Early Signs of Pregnancy
Unlike subjectively reported symptoms of pregnancy, early pregnancy signs are objective measurements obtained with the help of pregnancy tests or other diagnostic tools and interpreted by a medical professional.
Two most important first signs of pregnancy include the following:
Human Chorionic Gonadotropin (hCG)
The main sign of early pregnancy is the presence of a hormone, hCG, which is only produced once a fertilized egg implants itself in the uterine lining, called the endometrium. About seven to twelve days later, the presence of hCG can be detected through urine or blood test, but its exact levels can only be obtained through a quantitative hCG blood test.
- hCG levels 25 mIU/mL and above are a positive confirmation of pregnancy
- hCG levels that range from 6 to 24 mIU/mL require a repeat of the pregnancy test
- hCG levels 5 mIU/mL and less mean a woman is not pregnant
Gestational Sac in Early Pregnancy
Another early pregnancy sign is the presence of the gestational sac and subsequent anatomical structures that develop within it. They can be seen through a transvaginal ultrasound, which is performed when hCG levels exceed 1,500 - 2,000 mIU/mL, unless a woman has a history of ectopic pregnancy, in which case it can be done sooner.
- Gestational sac, a fluid-filled cavity enclosing the developing embryo, should be visible around week 5.
- Yolk sac, a structure within the gestational sac that provides nutrients, is visible around 5 ½ weeks.
- Fetalpole, the first sign of a growing embryo, is visible around 6 weeks viatransvaginal and 6 ½ weeks with abdominal ultrasound.
- Fetal heartbeat can be detected between the sixth and the eight week of early pregnancy.
Early Symptoms Of Pregnancy
Although the very first symptoms of pregnancy can appear as early as the time of implantation, the majority happen around week 4 and 6 of gestation. Until implantation, the body does not know yet that conception has occurred.
The most common early pregnancy symptoms include the following:
Implantation Bleeding in Early Pregnancy
The very first symptom of pregnancy some women observe is implantation bleeding, consisting of light spotting. After being fertilized on ovulation, the egg travels down to the uterus to implant itself in its wall, which occurs 6 to 12 days after fertilization. However, many women mistake implantation bleeding for their period.
Missed Period in Early Pregnancy
After implantation, the body immediately starts producing hCG, which signals the ovaries to stop maturing eggs and triggers other hormones, estrogen and progesterone, to prepare the body for supporting the embryo. Consequently, a woman will not get her next period, which is the most common of all early pregnancy symptoms. After that missed period, a pregnancy test will show high hCG levels within seven to ten days.
Morning Sickness in Early Pregnancy
One of the most notorious symptoms of early pregnancy is morning sickness, which - despite its name - can happen at any time during the day or night. Nausea with or without vomiting can start between the second and eighth week and often compromises a woman's nutrition in the first trimester.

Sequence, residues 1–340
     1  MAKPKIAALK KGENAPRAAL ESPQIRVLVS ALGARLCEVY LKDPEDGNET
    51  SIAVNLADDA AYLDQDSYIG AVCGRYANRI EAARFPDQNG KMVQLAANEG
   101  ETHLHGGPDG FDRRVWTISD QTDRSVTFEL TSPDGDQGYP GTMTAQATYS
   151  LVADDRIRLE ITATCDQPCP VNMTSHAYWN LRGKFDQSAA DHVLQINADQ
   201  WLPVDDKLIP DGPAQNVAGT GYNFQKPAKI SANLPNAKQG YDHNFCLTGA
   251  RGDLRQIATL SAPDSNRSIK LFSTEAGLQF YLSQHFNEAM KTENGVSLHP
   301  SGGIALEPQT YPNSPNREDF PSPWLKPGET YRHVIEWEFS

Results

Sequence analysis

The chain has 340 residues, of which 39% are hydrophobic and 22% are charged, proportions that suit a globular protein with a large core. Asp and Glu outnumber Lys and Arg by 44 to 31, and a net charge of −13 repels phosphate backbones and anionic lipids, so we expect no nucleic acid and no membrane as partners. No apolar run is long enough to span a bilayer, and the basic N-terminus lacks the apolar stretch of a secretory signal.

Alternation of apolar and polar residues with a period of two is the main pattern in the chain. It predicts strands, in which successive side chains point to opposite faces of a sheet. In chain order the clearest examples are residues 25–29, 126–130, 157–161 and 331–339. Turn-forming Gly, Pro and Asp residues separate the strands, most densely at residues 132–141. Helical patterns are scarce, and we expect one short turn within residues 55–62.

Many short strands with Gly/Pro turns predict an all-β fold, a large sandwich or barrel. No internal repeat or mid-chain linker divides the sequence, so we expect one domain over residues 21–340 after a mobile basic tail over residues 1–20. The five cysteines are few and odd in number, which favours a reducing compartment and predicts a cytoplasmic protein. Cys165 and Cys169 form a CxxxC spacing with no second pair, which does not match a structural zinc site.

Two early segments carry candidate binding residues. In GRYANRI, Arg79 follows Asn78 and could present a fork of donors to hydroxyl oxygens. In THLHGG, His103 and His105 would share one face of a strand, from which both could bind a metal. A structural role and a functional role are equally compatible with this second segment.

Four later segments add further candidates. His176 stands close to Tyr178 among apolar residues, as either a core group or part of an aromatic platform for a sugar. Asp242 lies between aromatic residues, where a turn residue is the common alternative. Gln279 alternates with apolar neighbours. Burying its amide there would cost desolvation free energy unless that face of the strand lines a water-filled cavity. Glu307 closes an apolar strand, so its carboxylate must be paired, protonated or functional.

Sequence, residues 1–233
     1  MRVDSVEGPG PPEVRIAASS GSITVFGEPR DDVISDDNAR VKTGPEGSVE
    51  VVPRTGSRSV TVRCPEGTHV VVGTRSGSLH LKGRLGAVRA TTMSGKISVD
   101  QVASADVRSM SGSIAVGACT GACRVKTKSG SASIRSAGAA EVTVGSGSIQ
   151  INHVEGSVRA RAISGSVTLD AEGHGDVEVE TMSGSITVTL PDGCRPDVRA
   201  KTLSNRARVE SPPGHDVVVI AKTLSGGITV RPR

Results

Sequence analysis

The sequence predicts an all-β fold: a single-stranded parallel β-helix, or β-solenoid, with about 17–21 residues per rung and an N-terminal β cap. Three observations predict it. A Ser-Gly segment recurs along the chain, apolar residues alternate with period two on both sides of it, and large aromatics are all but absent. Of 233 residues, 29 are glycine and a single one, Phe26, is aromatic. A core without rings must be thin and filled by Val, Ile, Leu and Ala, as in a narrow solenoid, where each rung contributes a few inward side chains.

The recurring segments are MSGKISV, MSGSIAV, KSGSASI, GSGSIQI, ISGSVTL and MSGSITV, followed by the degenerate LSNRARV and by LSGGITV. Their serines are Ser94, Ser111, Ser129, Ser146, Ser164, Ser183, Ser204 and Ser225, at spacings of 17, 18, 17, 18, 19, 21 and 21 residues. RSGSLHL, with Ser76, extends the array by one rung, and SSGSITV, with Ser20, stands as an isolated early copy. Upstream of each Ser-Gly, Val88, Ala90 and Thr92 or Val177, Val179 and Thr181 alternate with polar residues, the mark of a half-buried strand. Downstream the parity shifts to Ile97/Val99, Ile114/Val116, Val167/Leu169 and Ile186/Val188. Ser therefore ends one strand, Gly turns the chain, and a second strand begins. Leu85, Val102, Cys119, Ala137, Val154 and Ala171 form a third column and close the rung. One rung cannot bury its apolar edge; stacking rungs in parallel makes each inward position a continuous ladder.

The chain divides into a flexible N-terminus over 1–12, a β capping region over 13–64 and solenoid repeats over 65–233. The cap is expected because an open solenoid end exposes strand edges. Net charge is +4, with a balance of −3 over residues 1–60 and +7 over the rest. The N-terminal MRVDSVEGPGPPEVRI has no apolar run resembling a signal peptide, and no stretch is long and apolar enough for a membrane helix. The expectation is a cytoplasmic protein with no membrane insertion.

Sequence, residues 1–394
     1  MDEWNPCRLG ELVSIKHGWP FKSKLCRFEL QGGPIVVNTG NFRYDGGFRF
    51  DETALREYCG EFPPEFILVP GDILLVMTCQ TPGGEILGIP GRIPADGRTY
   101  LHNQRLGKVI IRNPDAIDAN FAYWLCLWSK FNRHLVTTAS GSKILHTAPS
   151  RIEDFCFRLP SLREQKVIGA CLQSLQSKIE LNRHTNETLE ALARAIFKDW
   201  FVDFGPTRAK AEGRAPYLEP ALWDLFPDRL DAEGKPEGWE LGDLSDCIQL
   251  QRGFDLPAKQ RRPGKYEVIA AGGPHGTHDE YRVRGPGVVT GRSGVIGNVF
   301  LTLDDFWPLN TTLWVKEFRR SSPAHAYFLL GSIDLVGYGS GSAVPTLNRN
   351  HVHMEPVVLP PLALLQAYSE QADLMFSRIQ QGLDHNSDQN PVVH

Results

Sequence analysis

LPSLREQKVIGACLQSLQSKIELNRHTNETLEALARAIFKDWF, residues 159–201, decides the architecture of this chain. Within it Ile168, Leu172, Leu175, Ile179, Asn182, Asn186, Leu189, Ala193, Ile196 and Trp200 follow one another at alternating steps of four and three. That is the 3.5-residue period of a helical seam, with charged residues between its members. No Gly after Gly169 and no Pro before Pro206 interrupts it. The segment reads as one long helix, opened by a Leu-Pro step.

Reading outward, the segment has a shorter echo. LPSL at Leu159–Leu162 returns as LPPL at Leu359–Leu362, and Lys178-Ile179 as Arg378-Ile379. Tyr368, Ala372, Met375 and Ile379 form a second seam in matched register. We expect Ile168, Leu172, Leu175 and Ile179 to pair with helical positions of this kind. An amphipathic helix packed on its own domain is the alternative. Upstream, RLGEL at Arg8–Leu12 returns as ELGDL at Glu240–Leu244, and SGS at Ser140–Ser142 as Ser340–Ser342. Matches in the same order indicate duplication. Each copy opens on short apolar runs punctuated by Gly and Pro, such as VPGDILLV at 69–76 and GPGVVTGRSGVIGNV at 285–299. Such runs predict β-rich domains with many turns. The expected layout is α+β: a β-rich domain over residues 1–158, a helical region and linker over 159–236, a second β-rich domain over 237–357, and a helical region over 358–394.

Breast Tenderness in Early Pregnancy
Massive hormonal changes can also bring about certain early pregnancy pains, most commonly in the breasts. Tender, swollen, and sore breasts in early pregnancy usually reach their peak in the first few weeks, after which they will be less tender, but will continue to grow and change in preparation to nurture the baby.
Fatigue in Early Pregnancy
Fatigue can also be one of the first symptoms of pregnancy, which can appear as soon as a few days after conception. It can also be accompanied by insomnia, or sleeping problems. Although extreme tiredness in early pregnancy usually lessens during the second trimester, most women struggle with it anew as they enter their last months of pregnancy.
Other Early Pregnancy Symptoms
Other common early symptoms of pregnancy include increased flatulence, headaches, mood changes, frequent urination, sensitivity to smell, and food cravings or aversions. Some of them lessen as pregnancy progresses, while others might increase in their severity and frequency.
The first several weeks of pregnancy are characterized by rapid hormonal changes as the body prepares the right conditions for the developing embryo. These shifts bring about various discomforts, which often serve as the initial pregnancy confirmation. There are two main early signs of pregnancy, including the presence of the hCG hormone, which can be detected in urine or blood about seven to ten days after a missed period, and the evidence of the gestational sac on a transvaginal ultrasound around week five of gestation. When it comes to the first symptoms of pregnancy, although some women might experience bleeding around the time of implantation, all will miss a period once the embryo is embedded in the uterus. Other most frequently reported symptoms of early pregnancy include morning sickness, breast tenderness, and fatigue, some of which may last throughout the pregnancy or only during the elementary stages.
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